Deciding on the use level of raw materials in a cosmetic formula is an important aspect of formulation. However, product performance is only one factor that you should consider when formulating. Additionally, you have to consider the cost of a formula. But before you can consider the cost, you have to be able to figure out how to determine the final cost. In this short post we’ll show you how.
Step 1 – Start with a formula
We are going to assume that you already have created a formula. Use this cosmetic formulation spreadsheet. The key is that when you make your formula you have to know what % of the ingredient is in your formula. This means you have to equalize your formulas by weight. For example, if you are following a formula like this that calls for cups, teaspoons, and tablespoons of ingredients, you have to convert those units to % weight. The best way is to weigh all your ingredients and determine the number of GRAMS that you are using. Once all the ingredients are in terms of grams, you can figure out what % in the formula they are. The cosmetic formulation spreadsheet does this for you automatically.
Step 2 – Get your raw material costs
To get your formulation costs, you need to know the costs of each of your raw materials. This is something you should be able to get from the supplier. Although if you work at a large company you might have to go to your Purchasing department because they will have the real prices that your company pays. All the costs should be in the same units. Since I formulated in America, we took all the costs in terms of Dollars per Pound. Most other places in the world you are going to use Cost per Kilogram. It doesn’t matter which you use as long as all the raw materials are consistently in the same units. Also, the final number that you get will be in the same units as the cost of the raw materials.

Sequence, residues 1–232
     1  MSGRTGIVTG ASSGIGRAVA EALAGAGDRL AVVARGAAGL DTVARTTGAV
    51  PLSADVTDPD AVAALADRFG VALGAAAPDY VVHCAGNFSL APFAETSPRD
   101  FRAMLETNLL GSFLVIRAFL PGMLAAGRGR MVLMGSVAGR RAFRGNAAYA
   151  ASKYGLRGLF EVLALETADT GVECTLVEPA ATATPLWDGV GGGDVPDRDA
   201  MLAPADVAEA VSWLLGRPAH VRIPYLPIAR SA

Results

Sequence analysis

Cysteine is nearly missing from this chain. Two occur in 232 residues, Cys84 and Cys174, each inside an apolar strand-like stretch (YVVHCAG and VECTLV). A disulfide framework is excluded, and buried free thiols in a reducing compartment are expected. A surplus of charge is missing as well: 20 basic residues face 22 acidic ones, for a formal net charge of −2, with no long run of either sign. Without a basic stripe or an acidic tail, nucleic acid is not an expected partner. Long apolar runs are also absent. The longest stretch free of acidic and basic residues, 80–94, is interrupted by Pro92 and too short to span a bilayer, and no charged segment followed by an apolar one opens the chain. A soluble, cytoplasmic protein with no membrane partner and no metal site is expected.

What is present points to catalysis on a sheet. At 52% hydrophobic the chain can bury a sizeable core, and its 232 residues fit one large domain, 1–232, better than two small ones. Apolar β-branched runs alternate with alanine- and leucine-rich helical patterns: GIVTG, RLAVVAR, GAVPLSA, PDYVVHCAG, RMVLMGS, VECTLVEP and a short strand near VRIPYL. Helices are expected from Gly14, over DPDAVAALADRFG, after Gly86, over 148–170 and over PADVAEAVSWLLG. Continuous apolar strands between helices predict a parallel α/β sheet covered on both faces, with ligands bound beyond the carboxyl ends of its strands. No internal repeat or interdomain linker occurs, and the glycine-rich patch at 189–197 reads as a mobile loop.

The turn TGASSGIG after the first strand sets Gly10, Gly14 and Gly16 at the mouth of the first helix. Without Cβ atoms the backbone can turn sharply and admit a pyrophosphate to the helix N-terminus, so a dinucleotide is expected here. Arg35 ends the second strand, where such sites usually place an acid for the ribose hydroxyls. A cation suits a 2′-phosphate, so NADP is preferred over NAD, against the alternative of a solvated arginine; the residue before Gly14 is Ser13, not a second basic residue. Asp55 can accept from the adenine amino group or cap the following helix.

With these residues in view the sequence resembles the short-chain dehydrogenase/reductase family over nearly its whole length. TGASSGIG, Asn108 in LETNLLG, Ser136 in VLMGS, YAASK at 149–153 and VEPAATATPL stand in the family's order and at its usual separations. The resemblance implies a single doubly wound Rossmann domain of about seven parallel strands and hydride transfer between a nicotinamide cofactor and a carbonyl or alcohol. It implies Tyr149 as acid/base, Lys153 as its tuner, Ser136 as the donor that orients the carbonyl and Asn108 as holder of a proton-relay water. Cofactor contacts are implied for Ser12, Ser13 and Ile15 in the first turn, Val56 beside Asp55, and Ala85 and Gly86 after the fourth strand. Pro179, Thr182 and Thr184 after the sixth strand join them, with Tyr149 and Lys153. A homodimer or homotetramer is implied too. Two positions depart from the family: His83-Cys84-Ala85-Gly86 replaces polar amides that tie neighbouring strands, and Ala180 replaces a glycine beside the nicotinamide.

Step 3 – Multiply formula % and cost
Next, multiply the % of the ingredient by the cost and divide by 100. So, if your ingredient is in the formula at 20% and it costs $4 per pound, you multiply 20 * 4 / 100 = 0.80. The partial cost of that ingredient in the formula is $0.80. This is what I call the residual cost.
Step 4 – Add up the residual costs to get total formula cost
Then it is just a matter of adding up all the residual costs to find the final formula cost. Pretty easy (especially if you are using the cosmetic formulation spreadsheet).
There you have it. 4 steps to calculating the cost of your formulation. No complicated math required. If you have any questions, leave a comment below.